Understanding Plastic Surgery Chains

Understanding Plastic Surgery Chains

“Chain” stores are a well-known middle ground for consumers across the whole market. In the restaurant industry, for example, you may have fast food chains at the low-end of the market, niche, extreme quality singular restaurants at the high-end, and a middle section full of “chain” restaurants that blend the two together.

The same is true in the automotive industry, the retail industry, and even the plastic surgery industry. A recent article posted by a plastic surgeon discusses her experience working for one, having a procedure in one, and how it compares to private practice. The No Spin Live panel reacts.

Are There Any Problems with Plastic Surgery Chains?

In the current economic upswing, more and more folks have disposable income. As many plastic surgeons has noted, a hot economy leads to more patients coming in for plastic surgery procedures. While not all will have the kind of disposable income to afford major procedures from elite private practices, many may be curious into plastic surgery chains that offer the same procedures at a lower rate. The article in question sheds light on this and how it differs from private practice.

“I thought it was great, the perspective is unique in that most of us haven’t done all of those things that she’s done. Been a plastic surgeon in a private practice, worked in a chain plastic surgery center, and then even from the patient end of a plastic surgery center,” shares board certified plastic surgeon Dr. Ned Snyder, who has himself a private practice in Austin. “She went on and gave some pretty good advice in looking for red flags, things that all patients should be aware of and looking out for.”

“As I always say, discount plastic surgery is like discount sushi. It may work out! If it doesn’t, you have a big problem.” – Theo Nyame, MD

The main issue with plastic surgery chains is a lessened physician-patient bond. Board certified plastic surgeons who operate private practices generally utilize their added resources to create a doctor-patient environment whose #1 goal is patient safety and results. The results part includes deep discussions with would-be patients not about what they want, but about what they actually need. If a patient comes in looking for liposuction but really needs to address diet and exercise then entertain liposuction may not get the same advice from a plastic surgery chain.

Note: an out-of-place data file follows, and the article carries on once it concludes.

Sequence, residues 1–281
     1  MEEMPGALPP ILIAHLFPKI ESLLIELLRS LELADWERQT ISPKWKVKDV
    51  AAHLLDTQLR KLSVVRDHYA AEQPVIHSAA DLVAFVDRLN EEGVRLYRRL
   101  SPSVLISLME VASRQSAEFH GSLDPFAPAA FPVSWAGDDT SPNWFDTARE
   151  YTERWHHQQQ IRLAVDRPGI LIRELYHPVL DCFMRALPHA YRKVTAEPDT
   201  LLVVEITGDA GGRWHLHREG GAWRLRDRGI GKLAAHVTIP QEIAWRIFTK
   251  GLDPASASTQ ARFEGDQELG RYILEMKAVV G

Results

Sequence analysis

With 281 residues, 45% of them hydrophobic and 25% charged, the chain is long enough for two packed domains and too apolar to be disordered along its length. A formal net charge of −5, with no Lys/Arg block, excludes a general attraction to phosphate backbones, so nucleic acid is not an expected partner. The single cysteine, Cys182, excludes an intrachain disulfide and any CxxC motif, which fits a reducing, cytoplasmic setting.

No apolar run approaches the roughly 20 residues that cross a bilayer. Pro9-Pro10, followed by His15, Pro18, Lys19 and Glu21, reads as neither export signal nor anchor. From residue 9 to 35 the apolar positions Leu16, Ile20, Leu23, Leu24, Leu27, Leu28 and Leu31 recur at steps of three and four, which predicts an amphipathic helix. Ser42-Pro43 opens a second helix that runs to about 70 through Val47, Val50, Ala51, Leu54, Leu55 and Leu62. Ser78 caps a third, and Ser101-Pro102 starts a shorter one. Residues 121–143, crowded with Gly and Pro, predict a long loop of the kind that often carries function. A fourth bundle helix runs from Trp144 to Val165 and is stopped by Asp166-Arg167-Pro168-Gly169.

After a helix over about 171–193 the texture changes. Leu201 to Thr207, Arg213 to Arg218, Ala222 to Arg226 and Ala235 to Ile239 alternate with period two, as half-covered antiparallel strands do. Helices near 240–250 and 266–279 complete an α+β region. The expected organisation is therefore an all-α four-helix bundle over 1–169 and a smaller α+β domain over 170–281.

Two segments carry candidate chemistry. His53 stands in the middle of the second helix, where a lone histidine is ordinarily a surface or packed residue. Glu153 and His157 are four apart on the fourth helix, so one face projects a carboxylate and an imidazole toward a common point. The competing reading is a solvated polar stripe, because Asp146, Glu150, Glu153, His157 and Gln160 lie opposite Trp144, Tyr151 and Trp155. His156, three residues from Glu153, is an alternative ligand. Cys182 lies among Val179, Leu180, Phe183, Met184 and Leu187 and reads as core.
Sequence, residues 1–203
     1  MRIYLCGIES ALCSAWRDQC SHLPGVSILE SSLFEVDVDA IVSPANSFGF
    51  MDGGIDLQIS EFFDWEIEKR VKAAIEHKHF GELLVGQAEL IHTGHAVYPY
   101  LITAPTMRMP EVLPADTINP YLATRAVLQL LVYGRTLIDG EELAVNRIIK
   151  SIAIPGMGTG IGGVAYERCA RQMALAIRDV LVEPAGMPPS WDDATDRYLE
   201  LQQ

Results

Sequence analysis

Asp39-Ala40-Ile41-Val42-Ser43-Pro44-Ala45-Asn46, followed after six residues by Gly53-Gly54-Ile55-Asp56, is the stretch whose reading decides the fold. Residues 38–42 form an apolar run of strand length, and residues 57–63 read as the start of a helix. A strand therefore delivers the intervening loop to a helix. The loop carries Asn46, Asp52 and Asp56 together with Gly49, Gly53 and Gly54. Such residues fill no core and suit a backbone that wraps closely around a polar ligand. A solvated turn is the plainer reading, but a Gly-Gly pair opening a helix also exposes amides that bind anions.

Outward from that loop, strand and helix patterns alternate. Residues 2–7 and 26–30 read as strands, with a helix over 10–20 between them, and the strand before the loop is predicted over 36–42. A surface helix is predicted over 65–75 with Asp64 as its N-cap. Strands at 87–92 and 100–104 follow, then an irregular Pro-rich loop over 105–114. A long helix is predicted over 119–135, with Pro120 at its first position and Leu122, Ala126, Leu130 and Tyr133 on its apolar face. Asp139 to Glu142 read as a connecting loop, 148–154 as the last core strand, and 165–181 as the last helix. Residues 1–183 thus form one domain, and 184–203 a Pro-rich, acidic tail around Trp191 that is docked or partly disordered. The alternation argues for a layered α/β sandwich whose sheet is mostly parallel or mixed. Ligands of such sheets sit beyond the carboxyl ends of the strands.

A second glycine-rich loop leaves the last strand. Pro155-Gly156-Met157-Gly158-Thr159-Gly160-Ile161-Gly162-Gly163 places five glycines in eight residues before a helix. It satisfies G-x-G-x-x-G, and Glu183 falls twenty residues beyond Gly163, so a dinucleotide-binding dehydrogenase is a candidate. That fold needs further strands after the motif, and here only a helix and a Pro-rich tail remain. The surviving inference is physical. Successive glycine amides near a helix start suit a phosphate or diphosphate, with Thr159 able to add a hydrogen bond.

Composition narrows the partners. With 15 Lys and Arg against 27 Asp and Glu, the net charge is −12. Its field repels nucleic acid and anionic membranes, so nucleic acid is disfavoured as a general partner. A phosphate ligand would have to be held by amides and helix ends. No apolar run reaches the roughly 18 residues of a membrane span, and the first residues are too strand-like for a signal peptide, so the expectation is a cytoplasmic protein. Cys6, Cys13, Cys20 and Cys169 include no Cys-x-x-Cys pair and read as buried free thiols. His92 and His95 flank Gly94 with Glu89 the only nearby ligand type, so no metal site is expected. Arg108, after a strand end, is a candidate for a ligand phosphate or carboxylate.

“I worked at a place like that when I first went into practice for about a year and a half, so I have that perspective about that vs. private practice,” shares board certified plastic surgeon Dr. Jason Pozner, who has a private practice in Florida. “At these clinics, most of the time, you’re going to find young plastic surgeons who are just out there looking for some cases.” This doesn’t necessarily indicate that the young plastic surgeons are not extremely skilled and talented, but rather that the technical side of surgery is being met while the doctor-patient aspect may be lacking. Because of this, patients may receive a great procedure, but it may not have been what they needed specifically and their post-care may be non-existent.

Be Wary Always of Discounted Plastic Surgery

The discount that plastic surgery chains may offer is helpful financially, but doesn’t always translate to achieving patient goals.

“As I always say, discount plastic surgery is like discount sushi. It may work out! If it doesn’t, you have a big problem,” shares Dr. Theo Nyame, a board certified plastic surgeon at the private practice Charlotte Plastic Surgery. “I think this article gave a unique perspective. Sometimes people are coming in and they’ll say, ‘Well, this guy is charging this.’ Well, why is there a discount? With something this important, do you really want to gamble on it?”

In this sense, discounts for plastic surgery are wildly different than discounts on clothing or a restaurant. A patient isn’t buying a meal or a suit that was marked down, they’re buying a surgical procedure that will put them at risk via surgery. This isn’t to say that plastic surgery chains are more dangerous than private practices, but rather that surgery is always, no matter what, serious business. General anesthesia has risks, every patient may have unique traits that amplify risks, and complications during surgery can always arise. Considering these truths, are patients comfortable with a more business-like take on handling them? Or a pointedly medical and experienced take, as with a private practice surgeon who spends immense time in surgery and working with their patients to achieve their goals.

Dr. Pozner shares his own experience now in private practice vs. back when he worked at a plastic surgery chain outfit. Great, valuable, and critical experience was gained with his time there, but the procedures he performs now decades into his career are much more refined. “Just as an example, my breast aug today is not the breast aug I did 20 years ago,” he shares. “I’m down to thinking about millimeters vs. back then it was a whole different world.”

At the end of the day, patients will have to make the ultimate call whether it is right for them. Procedures via a plastic surgery chain may turn out great, and the majority are probably as safe as you’d find anywhere else. However, this isn’t a guarantee, and neither are results from a patient-prescribed procedure. Utilizing the wealth of experience, training, and education board certified plastic surgeons involve themselves with, as well as the importance of a doctor-patient relationship, is the best guarantee of not only safety, but extreme success with results. It’s on the patients to decide whether or not spending the extra money is worth it to them.

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